SAN FRANCISCO (Reuters) - California’s economy faces yet more hardship this year marked by high unemployment as its labor market struggles to recover from steep job losses, the UCLA Anderson forecast unit said on Wednesday.
“Overall, the outlook for the balance of the year is for little to no growth,” the unit said in a report. “The economy will begin to pick up slightly in the beginning of 2011 and by the middle of 2011, begin to grow at more normal levels.”
Californians looking for work may still be searching throughout this year as total employment in the state will shrink by 0.7 percent before recovering next year and growing faster than the labor force at a rate of 2.3 percent.
“You’ll see slow improvement,” said Jerry Nickelsburg, a senior economist with the UCLA Anderson Forecast unit. “It’s still going to feel like we have not climbed up from the bottom that we hit in the recession.”
California’s jobless rate has peaked at 12.5 percent and will decline slowly and average 11.8 percent this year, the report said — adding that the rate will not fall below double digits until 2012.
California is not producing sufficient jobs for new entrants to the labor force which means elevated unemployment levels will persist once job layoffs cease, the report said.
Job growth in California, which would rank among the world’s biggest economies were the state a country, will be marked by “fits and starts” until later this year. It will be led by health, professional and business services, export, construction and technology related manufacturing sectors.
Home-builders will not be adding to payroll gains in California, one of the states hardest hit by mortgage turmoil and foreclosures, the report said.
Commercial construction and public works projects will also be of little help given difficulty in financing new projects. Slack demand from a slow recovery in employment will hold back any resumption of new office building, the report said.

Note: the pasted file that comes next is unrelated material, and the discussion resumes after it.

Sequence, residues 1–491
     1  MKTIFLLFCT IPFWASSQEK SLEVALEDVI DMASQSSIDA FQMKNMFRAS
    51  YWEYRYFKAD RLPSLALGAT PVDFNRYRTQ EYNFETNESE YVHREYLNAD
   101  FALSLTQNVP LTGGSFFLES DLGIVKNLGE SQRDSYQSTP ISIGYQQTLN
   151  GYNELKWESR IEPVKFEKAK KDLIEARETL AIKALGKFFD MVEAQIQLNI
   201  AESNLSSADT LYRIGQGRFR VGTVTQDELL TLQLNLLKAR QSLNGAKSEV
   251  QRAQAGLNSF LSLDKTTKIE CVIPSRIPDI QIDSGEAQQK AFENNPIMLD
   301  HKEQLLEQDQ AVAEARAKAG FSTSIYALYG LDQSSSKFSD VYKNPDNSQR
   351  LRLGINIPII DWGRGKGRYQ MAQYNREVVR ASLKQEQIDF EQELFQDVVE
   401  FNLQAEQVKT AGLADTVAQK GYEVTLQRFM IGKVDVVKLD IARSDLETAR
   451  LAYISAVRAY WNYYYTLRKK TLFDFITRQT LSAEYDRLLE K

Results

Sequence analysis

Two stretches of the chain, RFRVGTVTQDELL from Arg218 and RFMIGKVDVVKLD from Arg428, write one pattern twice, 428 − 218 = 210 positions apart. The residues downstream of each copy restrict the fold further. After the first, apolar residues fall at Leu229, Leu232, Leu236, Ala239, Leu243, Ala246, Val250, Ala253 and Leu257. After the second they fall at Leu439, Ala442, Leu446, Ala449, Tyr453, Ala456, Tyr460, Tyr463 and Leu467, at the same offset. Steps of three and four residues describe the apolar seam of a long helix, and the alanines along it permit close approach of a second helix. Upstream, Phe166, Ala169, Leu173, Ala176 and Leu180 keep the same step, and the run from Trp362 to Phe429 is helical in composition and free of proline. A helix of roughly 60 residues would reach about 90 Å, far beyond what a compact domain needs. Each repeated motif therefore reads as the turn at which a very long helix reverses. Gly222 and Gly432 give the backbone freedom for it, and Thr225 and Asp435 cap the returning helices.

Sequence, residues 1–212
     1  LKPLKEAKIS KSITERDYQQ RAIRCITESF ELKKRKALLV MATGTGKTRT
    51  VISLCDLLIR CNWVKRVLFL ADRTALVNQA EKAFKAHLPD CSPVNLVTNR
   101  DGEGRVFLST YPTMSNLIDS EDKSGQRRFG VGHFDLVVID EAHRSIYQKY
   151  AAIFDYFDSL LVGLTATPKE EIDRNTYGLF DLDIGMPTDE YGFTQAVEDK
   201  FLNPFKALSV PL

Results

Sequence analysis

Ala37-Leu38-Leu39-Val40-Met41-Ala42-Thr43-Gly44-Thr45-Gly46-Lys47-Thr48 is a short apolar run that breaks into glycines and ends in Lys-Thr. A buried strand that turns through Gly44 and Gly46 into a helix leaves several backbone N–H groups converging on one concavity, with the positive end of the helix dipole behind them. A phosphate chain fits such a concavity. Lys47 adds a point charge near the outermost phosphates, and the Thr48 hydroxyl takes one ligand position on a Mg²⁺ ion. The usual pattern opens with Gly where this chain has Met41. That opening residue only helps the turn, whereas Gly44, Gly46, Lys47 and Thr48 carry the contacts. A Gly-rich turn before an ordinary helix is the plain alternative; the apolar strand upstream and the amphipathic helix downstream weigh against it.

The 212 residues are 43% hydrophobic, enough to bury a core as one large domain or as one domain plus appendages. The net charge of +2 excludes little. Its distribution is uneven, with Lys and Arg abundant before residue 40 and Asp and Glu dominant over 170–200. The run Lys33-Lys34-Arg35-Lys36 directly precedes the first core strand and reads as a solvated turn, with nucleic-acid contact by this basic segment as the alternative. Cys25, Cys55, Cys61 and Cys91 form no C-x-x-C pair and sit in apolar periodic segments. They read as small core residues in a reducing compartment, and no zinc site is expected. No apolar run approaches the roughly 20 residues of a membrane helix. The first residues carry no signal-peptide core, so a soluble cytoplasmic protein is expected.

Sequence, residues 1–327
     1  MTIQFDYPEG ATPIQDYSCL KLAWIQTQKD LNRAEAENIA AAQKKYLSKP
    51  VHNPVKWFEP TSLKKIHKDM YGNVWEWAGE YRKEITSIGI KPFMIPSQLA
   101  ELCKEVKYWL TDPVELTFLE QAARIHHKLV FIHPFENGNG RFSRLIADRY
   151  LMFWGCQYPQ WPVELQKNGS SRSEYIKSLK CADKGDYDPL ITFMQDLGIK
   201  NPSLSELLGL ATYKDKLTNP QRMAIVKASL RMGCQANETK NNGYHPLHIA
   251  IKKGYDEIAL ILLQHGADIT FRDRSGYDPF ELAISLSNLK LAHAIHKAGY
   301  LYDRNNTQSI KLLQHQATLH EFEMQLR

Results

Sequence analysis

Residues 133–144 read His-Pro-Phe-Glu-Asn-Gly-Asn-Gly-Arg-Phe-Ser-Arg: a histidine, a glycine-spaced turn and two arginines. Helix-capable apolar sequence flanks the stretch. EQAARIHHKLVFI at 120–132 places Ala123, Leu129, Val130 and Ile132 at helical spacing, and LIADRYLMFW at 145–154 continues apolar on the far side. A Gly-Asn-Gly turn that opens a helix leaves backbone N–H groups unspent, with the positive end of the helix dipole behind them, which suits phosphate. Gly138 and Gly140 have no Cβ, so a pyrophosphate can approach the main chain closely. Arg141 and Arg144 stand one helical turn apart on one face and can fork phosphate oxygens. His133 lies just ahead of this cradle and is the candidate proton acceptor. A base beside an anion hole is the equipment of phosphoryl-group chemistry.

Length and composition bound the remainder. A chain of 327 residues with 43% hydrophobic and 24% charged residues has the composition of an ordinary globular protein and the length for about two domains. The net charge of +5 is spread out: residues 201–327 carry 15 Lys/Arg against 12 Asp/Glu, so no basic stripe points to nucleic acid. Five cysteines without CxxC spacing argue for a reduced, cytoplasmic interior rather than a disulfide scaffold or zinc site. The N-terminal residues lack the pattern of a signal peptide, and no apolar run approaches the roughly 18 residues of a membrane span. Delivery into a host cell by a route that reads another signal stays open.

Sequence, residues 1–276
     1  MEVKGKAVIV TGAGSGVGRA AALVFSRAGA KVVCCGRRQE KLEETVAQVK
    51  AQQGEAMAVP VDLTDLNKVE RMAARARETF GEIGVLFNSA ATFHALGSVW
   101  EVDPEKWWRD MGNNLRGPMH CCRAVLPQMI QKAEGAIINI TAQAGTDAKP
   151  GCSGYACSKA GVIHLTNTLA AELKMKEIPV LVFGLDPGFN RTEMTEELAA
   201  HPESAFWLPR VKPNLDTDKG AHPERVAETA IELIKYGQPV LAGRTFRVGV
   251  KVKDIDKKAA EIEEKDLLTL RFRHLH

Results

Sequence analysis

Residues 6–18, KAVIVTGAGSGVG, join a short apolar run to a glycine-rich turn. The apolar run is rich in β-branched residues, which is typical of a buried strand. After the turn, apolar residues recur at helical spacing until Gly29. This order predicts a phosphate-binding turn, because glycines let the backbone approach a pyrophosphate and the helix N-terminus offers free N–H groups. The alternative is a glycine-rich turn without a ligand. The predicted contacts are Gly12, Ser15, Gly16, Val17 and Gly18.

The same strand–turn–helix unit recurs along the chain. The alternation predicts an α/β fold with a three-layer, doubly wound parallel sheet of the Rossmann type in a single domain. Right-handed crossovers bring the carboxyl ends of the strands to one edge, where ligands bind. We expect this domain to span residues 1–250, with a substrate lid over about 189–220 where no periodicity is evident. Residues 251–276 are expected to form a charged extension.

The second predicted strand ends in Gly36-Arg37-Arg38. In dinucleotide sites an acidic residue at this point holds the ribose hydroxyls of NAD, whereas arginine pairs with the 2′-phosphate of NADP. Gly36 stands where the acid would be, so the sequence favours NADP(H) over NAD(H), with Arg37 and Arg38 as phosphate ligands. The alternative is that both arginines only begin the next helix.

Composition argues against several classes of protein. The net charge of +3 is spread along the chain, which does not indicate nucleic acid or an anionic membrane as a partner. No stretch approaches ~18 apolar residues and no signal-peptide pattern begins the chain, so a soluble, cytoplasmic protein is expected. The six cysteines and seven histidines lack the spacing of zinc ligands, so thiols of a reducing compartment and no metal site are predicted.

Much industrial space is dedicated to logistics and distribution of imported goods and occupancy rates are too low to demand new construction until consumer demand picks up.
Meanwhile, stimulus-funded infrastructure will break ground slowly. “Nonresidential building is unlikely to be a factor in 2010 and early 2011 job growth,” the report said.
Public-sector employers will not be hiring as the state government and local governments face lean budgets amid weak revenue. California’s much vaunted efforts to create environmentally friendly “green” jobs will not propel the state’s economy as some predict, the report said.
Green business, and information and biotechnology will be growth areas in California over the next decade but objective data does not suggest Green will push growth rates above the U.S. growth rate, the report said.
Whether green technology turns into the kind of jobs machine aerospace and the Internet were in their heyday for California remains to be seen.
“Private investors are betting that way, the past suggests it is entirely possible, but innovation in a new industry — or in the case of Green, several new industries — tends to have a mind of its own,” the report said.
Editing by Andrew Hay